Lakes to Locks Passages Marker image. Click for full size.
By Steve Stoessel, September 12, 2020
4. Lakes to Locks Passages Marker
Champlain, nature has reclaimed the river and its banks.

LaChute Riverwalk Guide
A guide to the LaChute Riverwalk Trail may be obtained at the Ticonderoga Heritage Museum, PRIDE of Ticonderoga office, or Ticonderoga Chamber of Commerce - all located along Montcalm Street.

LaChute Riverwalk follows the course of the river for 2 1/2 miles from just below the "Upper Falls” to "Bicentennial Park,” at the foot of the Lower Falls. An additional loop around the baseball fields adds another mile of paved walkway to the trail.

Twelve interpretive signs along the Riverwalk explain the history of the river and its industry. Historic photographs help to visualize the working river and the changes it has experienced over time.

Middle Photo: Ducks find a resting place near the outlet of Trout Brook late in the fall migration. Four dams on the upper river create pools that attract wildlife. (See interpretive sign #6). Photograph by Gerald Abbott.

Top Right Photo: Bicentennial Falls once powered a paper mill, graphite mill and iron works all at once (See interpretive signs #1 and #3). Photograph by Gerald Abbot

Below the falls, the river looks nearly as wild as it did in 1609, when Samuel de Champlain wrote of his "discovery” of this place. (See interpretive
Left Panel image. Click for full size.
By Steve Stoessel, September 12, 2020
5. Left Panel
sign #2). Photograph by Robert C. Stevens.


Lakes to Locks Passage
The Great Northeast Journey
Lakes to Locks Passage takes you through a spectacular landscape laden with history. Follow this map to find your way through four story-filled regions that connect the historic waters of Lake Champlain and Lake George with the Champlain Canal and Hudson River to the south and the Chambly Canal to the Richelieu and St. Lawrence Rivers of Quebec to the north.

Waypoint Communities are poised to greet the traveler along Lakes to Locks Passage, offering sites to visit, lodging, dining and shopping experiences. Streams of history flowthrough these valleys, reflecting "lives” that continue to unfold. Be sure to visit the Waypoint Community Heritage Centers located throughout the region for interpretive exhibits that reveal the stories of the Four Lives of Lakes to Locks Passage.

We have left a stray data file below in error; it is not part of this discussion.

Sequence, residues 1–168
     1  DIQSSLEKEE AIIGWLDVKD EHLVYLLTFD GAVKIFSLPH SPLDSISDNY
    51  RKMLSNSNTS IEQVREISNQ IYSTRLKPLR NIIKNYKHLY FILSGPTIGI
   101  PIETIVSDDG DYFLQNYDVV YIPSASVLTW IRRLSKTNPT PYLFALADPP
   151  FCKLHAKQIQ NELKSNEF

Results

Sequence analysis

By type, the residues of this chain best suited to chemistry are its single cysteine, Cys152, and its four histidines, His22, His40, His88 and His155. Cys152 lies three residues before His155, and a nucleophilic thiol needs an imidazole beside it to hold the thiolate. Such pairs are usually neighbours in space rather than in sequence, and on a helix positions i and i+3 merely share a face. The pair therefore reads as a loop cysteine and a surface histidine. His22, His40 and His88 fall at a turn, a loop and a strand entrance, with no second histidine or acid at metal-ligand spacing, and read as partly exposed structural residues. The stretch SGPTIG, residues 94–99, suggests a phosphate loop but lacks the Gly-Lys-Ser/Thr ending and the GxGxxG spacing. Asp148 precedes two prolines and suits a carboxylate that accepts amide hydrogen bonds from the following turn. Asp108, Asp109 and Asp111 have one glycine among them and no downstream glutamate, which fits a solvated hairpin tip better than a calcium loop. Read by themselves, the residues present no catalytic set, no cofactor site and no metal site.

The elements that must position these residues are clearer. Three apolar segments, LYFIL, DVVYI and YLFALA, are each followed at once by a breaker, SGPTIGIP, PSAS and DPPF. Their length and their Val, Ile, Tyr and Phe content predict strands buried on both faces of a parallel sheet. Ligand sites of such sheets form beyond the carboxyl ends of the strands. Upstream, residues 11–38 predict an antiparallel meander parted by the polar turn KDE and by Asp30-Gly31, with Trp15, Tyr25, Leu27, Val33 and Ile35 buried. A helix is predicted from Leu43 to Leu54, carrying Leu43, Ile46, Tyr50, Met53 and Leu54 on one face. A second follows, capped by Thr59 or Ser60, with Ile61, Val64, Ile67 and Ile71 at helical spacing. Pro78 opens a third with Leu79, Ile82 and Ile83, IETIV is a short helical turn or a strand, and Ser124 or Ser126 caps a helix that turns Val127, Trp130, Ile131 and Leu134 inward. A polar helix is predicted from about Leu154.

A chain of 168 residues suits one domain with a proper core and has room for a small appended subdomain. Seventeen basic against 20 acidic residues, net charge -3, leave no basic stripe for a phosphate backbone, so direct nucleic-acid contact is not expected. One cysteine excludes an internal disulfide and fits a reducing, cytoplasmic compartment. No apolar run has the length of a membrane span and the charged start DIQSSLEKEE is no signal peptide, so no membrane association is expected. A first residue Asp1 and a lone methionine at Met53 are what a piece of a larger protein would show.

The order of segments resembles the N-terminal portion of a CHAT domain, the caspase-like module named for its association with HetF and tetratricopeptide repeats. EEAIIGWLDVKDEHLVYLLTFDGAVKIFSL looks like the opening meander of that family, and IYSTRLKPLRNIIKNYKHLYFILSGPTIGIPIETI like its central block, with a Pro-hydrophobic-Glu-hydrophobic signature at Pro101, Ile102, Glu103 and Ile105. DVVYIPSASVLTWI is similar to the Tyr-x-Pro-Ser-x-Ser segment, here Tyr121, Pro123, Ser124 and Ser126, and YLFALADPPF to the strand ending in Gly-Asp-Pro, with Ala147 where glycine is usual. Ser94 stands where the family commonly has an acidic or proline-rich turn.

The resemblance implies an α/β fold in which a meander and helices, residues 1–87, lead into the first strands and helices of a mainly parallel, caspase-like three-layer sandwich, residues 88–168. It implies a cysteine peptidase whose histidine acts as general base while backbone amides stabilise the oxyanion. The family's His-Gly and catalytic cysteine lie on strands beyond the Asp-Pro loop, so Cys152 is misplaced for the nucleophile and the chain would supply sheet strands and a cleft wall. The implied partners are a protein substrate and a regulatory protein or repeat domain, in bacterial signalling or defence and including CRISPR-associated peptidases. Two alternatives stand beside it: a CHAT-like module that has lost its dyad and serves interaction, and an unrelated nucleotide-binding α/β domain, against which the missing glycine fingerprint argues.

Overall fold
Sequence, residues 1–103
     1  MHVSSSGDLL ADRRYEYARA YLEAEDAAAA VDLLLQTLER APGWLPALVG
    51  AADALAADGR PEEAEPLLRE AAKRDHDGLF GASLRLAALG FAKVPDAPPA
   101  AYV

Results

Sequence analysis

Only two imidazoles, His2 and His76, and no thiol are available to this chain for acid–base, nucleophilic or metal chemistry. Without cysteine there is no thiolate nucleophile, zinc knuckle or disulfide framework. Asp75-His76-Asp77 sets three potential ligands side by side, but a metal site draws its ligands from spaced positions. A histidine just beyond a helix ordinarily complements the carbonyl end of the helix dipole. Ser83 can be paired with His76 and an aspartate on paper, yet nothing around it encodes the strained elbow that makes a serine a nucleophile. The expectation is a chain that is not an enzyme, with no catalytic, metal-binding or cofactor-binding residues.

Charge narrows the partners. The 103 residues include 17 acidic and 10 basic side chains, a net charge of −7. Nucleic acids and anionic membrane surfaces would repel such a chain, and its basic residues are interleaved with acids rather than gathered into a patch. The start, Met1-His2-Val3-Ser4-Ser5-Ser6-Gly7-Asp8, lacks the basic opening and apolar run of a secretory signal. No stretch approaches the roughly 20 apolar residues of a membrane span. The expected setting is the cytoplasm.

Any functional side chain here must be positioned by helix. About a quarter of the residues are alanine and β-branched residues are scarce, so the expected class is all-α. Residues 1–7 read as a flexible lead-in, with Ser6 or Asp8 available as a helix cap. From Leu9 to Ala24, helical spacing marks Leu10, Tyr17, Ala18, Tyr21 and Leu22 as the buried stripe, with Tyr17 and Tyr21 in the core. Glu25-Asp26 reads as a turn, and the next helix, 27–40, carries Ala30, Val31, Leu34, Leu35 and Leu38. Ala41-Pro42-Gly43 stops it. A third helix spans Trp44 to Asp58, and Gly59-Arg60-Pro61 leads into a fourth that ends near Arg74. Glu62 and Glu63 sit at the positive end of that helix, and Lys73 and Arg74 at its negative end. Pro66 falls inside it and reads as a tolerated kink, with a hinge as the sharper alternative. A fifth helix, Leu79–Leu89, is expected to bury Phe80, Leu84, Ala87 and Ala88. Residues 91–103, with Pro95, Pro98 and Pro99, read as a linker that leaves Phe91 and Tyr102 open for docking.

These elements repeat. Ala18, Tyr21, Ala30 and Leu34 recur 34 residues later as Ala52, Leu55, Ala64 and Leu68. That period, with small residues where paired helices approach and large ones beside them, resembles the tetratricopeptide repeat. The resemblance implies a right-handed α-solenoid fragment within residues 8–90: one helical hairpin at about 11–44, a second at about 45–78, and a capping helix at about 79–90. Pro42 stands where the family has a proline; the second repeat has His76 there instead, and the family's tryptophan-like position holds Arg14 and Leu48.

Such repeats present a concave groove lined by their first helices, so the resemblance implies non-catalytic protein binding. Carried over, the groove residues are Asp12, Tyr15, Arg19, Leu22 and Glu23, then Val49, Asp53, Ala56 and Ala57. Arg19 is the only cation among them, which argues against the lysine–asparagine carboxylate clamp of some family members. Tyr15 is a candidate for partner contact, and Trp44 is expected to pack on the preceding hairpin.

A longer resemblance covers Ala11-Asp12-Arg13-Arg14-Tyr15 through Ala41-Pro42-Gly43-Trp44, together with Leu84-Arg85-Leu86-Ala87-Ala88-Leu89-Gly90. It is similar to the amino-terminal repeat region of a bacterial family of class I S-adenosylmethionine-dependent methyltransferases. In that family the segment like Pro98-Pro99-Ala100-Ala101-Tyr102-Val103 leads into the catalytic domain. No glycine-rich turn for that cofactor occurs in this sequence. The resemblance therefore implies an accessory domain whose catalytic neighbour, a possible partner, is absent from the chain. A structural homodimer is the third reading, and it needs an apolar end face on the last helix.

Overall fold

The Four Lives
Natural Forces and Native Peoples shaped the landscape and culture of the inland waterway rich with resources.
Conflict and Settlement traces the exploration, warfare and peacekeeping activities of nation-building along the waterway.
Corridor of Commerce explores the trade in furs, timber, stone, minerals, farm products and technology that flows through these valleys.
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Topics. This historical marker is listed in these topic lists: Parks & Recreational AreasSettlements & SettlersWaterways & Vessels.
 
Location. 43° 50.925′ N, 73° 25.29′ W. Marker is in Ticonderoga, New York, in Essex County. Marker is at the intersection of Montcalm Street and Tower Avenue, on the right when traveling west on Montcalm Street. Touch for map. Marker is in this post office area: Ticonderoga NY 12883, United States of America. Touch for directions.
 
Other nearby markers. At least 8 other markers are within walking distance of this marker. A different marker also named Lakes to Locks Passage (here, next to this marker); Grand Carry Landing (within shouting distance of this marker); Tower Avenue Grindstones (within shouting distance of this marker); Riviθre de La Chute (about 300 feet away, measured in a direct line); Hon. Clayton Harris DeLano (about 300 feet away); Sharing the Flow (about 500 feet away); Crossroads of a Community (about 600 feet away); The Power of Water (about 700 feet away). Touch for a list and map of all markers in Ticonderoga.
 
 
Credits. This page was last revised on October 30, 2020. It was originally submitted on October 29, 2020, by Steve Stoessel of Niskayuna, New York. This page has been viewed 65 times since then. Photos:   1, 2, 3, 4, 5. submitted on October 29, 2020, by Steve Stoessel of Niskayuna, New York. • Bill Pfingsten was the editor who published this page.
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Jan. 19, 2021